Could Aotearoa restore 8% of its land to create enduring indigenous-forest carbon sinks?
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Native forests cover about 29% of New Zealand’s landmass, but once extended across as much as 85% of the country. A new proposal to “recloak” Papatūānuku by restoring 2.1 million hectares to healthy indigenous forest over 10 years seeks to create an “enduring carbon sink” that boosts biodiversity and enhances landscape resilience at the same time.
Launched to a global audience at Cop28 earlier this week, Recloaking Papatūānuku is an initiative spearheaded by Pure Advantage, a green growth organisation, and Tāne’s Tree Trust, supported by a raft of signatories.
The proposal suggests rewilding across a range of different types of public and private land – excluding productive cropland or other areas unsuited to native forest. Marginal high country and Crown land could be naturally reverted, while areas with existing protection or low productivity that lack bush cover could be actively replanted. All these trees could then suck up and store planet-heating carbon.
“It’s not a substitute for urgent and deep cuts to gross emissions,” Pure Advantage executive director Simon Millar said at Cop28. “The reality is that we need both, at scale and fast.”
This ambitious effort could sequester approximately 300 million tonnes of carbon over the next 30 years, or up to 1.5 billion tonnes by 2100, the proposal estimates. The latter is about 20 times New Zealand’s annual greenhouse gas emissions.
However, it takes time for trees to grow. This means that planting trees now would only make a small dent in New Zealand’s nearest emissions reduction targets in 2030. Andrew Grant, Pure Advantage trustee from McKinsey, said that the initial “heavy lifting” would come from enhancement of existing forests. “Pest control is going to be a big part of that in the short term. it’s very, very confronting how much of biomass is being consumed by pests, particularly ungulates,” he said. Recent research has highlighted the impact of forest-munching animals like deer, which affect the forest’s ability to store carbon and regenerate.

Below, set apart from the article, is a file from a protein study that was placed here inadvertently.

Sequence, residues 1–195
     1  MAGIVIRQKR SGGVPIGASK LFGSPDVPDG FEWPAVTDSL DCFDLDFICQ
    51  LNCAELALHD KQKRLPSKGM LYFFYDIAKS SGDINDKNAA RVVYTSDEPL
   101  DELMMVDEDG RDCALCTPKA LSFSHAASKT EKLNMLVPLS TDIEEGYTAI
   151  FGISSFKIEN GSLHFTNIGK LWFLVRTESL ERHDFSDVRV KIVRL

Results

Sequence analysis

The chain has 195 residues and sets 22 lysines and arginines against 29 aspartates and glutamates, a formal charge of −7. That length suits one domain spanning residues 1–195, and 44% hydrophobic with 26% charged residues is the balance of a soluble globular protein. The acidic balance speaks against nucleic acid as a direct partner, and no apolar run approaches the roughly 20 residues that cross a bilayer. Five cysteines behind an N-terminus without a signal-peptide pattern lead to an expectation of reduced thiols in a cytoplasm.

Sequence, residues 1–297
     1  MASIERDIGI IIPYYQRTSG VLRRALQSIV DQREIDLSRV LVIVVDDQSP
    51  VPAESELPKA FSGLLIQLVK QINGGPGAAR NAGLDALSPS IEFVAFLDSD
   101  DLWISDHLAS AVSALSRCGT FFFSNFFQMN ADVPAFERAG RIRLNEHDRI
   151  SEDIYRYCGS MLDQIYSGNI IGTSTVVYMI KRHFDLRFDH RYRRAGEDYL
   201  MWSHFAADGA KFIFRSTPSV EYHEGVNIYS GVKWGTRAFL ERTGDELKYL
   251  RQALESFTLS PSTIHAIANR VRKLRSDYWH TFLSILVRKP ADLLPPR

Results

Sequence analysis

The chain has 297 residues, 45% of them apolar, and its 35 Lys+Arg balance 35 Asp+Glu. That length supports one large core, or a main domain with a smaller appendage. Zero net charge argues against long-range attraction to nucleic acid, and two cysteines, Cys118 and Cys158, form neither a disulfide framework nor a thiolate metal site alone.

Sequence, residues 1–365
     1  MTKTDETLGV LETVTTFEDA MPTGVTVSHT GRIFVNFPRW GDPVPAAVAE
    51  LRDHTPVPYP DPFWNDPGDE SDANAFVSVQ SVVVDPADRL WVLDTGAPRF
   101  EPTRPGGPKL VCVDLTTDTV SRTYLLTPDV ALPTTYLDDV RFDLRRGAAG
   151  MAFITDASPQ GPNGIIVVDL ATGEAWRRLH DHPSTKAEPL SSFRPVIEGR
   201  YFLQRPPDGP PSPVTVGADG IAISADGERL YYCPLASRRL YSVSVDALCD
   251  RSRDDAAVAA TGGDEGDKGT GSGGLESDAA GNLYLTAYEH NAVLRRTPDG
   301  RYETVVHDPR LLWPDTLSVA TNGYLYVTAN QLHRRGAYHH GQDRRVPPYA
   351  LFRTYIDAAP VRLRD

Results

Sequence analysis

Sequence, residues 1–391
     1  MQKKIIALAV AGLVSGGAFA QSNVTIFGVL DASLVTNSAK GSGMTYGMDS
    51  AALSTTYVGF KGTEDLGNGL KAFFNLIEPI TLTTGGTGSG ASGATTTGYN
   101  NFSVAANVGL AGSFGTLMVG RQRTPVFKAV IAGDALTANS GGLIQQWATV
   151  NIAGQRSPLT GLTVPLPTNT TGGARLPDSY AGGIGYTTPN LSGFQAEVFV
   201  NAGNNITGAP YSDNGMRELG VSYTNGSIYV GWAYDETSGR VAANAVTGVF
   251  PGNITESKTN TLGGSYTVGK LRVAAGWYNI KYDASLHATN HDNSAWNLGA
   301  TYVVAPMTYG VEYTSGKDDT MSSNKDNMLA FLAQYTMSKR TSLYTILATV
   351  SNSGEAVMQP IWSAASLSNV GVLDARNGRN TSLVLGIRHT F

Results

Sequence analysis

Former climate change minister James Shaw called the plan “awesome”. He said it could make a “colossal difference” to longer term climate targets. “When those trees are growing to maturity, that could be the difference between having to buy offshore credits or not. And that’s massive for us,” he said.
Millar points out that the plan is not just about carbon, but delivers benefits for biodiversity and helps ensure the landscape is resilient in the face of extreme weather events. It’s also a boost to New Zealand’s global reputation. “For a nation that trades on the authenticity of its clean, green credentials, we see Recloaking Papatūānuku as a critical investment in our natural infrastructure to repair and grow our natural capital,” he said.
The plan would cost up to $12 billion to implement up to 2050. But this is cheaper than the estimated costs of this year’s flood and cyclone damage (up to $14 billion), and could be achieved at only half the cost per tonne of carbon removed compared to buying international offsets later down the track, the proposal argues.
To be successful, the nationwide effort would need community mobilisation – and the financial backing of the government. Climate change minister Simon Watts said the idea is “an exciting opportunity” and that he is committed to “start discussions with other ministers” about it.
Dame Anne Salmond, one of Pure Advantage’s trustees, said that Recloaking Papatūānuku is practical, achievable and backed by “very rigorous analysis”. But it’s also “a big beautiful idea we can work on together,” she said. “I think our country desperately needs this kind of project at the moment. One that unites us and gives us hope and pride.
“We need to do our best for our children and our grandchildren and take care of our beautiful land.”